“Lots of the Syrians would actually like to stay in their country but there is no chance at all. Any Berliner placed in Aleppo for a day would run away,” photographer Kai Wiedenhöfer tells me decisively. And yet, since capturing the fall of the Berlin Wall in 1989 – aged just 23 years old - Wiedenhöfer has instead run valiantly towards the fight.
Born in Germany in 1966, and achieving an MA in photography and editorial design from the Folkwang University of the Arts in Essen, Wiedenhöfer has gone on to win a host of awards, including the Eugene Smith Grant in Humanistic Photography and the Carmignac Gestion Photojournalism Award, for his undiluted depiction of war-time devastation.
Self-employed and frequently funded by grants, Wiedenhöfer has successfully published numerous books with Steidl. Perfect Peace (2002) showed stories sculpted by Palestinian conflict; WALL (2007) documented the barrier that Israel built, mostly in the Occupied Palestinian Territories; The Book of Destruction (2010) collated together a catalogue of consequences following Israel’s war against Gaza in 2009; Confrontier (2013) was about eight border walls around the globe; and then most recently, Forty Out of One Million about the Syrian war wounded.
Speaking with Wiedenhöfer, one can’t help but feel he would journey anywhere for the story that needed telling. However, when talk of Oxford Street arises, he quickly quips, “I don’t invade that world very much – such an obsession with materialism – that’s still a very real terror for me!”
Elizabeth Neep: You have been photographing conflict for over two decades. What initially drew you to explore such emotive scenes through your work?
Kai Wiedenhöfer: Growing up, my father was very interested in politics and history; he became a soldier when he was 15, brought up completely under the Nazis. I never got the chance to talk to him about this because he died when I was 15, but it must have had a big impact.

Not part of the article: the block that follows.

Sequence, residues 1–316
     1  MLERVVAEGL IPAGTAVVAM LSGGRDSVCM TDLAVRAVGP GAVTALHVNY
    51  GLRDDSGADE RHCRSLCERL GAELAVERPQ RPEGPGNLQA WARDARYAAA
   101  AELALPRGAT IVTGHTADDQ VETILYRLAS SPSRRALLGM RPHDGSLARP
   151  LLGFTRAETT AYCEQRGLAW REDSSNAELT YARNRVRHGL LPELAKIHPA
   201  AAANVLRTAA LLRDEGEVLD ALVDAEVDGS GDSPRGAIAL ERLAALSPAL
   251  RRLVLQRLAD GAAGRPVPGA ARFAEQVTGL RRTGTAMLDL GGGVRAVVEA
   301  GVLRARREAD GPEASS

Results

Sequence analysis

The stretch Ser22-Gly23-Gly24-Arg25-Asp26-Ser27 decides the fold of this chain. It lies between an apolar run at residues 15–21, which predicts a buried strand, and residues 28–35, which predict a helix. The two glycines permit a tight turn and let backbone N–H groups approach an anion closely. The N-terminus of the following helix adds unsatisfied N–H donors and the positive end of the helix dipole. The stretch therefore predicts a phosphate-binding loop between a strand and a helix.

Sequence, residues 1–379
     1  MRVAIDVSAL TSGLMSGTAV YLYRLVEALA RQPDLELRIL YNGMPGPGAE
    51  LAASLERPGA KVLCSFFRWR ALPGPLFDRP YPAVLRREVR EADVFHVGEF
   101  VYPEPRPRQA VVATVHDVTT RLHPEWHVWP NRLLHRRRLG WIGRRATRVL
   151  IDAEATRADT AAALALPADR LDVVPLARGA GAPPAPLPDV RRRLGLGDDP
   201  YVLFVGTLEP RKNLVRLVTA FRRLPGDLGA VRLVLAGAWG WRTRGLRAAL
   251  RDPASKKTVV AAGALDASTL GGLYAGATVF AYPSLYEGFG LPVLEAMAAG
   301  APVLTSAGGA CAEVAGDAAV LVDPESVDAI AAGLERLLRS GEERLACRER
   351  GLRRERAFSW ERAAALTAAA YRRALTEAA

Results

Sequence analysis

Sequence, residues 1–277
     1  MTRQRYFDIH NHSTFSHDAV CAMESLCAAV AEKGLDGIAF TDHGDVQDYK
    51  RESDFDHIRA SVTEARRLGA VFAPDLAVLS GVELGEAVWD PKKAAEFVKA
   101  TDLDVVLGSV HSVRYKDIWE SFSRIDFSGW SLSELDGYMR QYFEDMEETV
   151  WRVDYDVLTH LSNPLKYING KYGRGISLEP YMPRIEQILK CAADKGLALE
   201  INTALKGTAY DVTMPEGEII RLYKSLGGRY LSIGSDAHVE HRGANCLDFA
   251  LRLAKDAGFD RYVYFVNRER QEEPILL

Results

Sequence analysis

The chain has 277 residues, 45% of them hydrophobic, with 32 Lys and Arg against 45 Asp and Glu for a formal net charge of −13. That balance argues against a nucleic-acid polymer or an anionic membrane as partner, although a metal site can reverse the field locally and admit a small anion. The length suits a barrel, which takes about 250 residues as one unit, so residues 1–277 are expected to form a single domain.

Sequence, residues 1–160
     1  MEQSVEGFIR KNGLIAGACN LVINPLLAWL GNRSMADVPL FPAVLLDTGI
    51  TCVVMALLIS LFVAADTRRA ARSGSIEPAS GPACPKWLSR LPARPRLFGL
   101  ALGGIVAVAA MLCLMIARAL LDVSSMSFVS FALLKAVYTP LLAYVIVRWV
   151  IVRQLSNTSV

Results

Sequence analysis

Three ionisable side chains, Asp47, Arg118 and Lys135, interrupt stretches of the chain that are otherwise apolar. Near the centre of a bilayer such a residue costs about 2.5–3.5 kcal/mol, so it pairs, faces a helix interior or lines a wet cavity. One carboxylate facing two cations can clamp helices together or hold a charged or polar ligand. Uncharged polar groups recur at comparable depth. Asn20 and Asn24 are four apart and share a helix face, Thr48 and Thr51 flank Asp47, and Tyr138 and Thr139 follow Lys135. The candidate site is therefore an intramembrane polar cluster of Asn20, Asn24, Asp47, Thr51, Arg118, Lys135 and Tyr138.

When I was at school, in 1982, I read a book about the creation of the State of Israel called Exodus by Leon Uris, which sparked my interest in the Israeli-Palestinian conflict. I have continued to look at political issues in the Middle East since then.
EN: But your work is not confined to the Middle East alone. With scenes of conflict scattered across the globe, how do you specify the conflict you capture?
KW: Following my graduation in 1987, I initially started to work in Germany –photographing concentration camps and Jewish cemeteries. I then travelled to the Occupied Palestinian Territories and Israel in 1989 and started to study Arabic in 1991 in Syria. The major cost for a photographer is usually transport – but by taking my motorbike and not needing a translator, I was at an advantage; it was one of the reasons I worked there.
EN: You spent time photographing Syria during October 2015. What are your thoughts on the media’s coverage of the Syrian War?
KW: There is hardly any of it from my point of view! People have all these opinions of some place they have never been – but if you cut through the bullshit, how much reporting do we have from the ground? Close to zero!
I admit that it is dangerous to go there. I wouldn’t go to many regions myself right now, but the point is that the Western media doesn’t tell the full picture. It is easy to show a picture of a chopped off head to 5,000 Twitter users, but often we don’t hear of the 15 people who get smashed in an air-raid.
EN: The media was challenged in the wake of the November 2015 Paris attacks for their disproportionate coverage of Eastern conflict in contrast to terror closer to home. What did you make of this?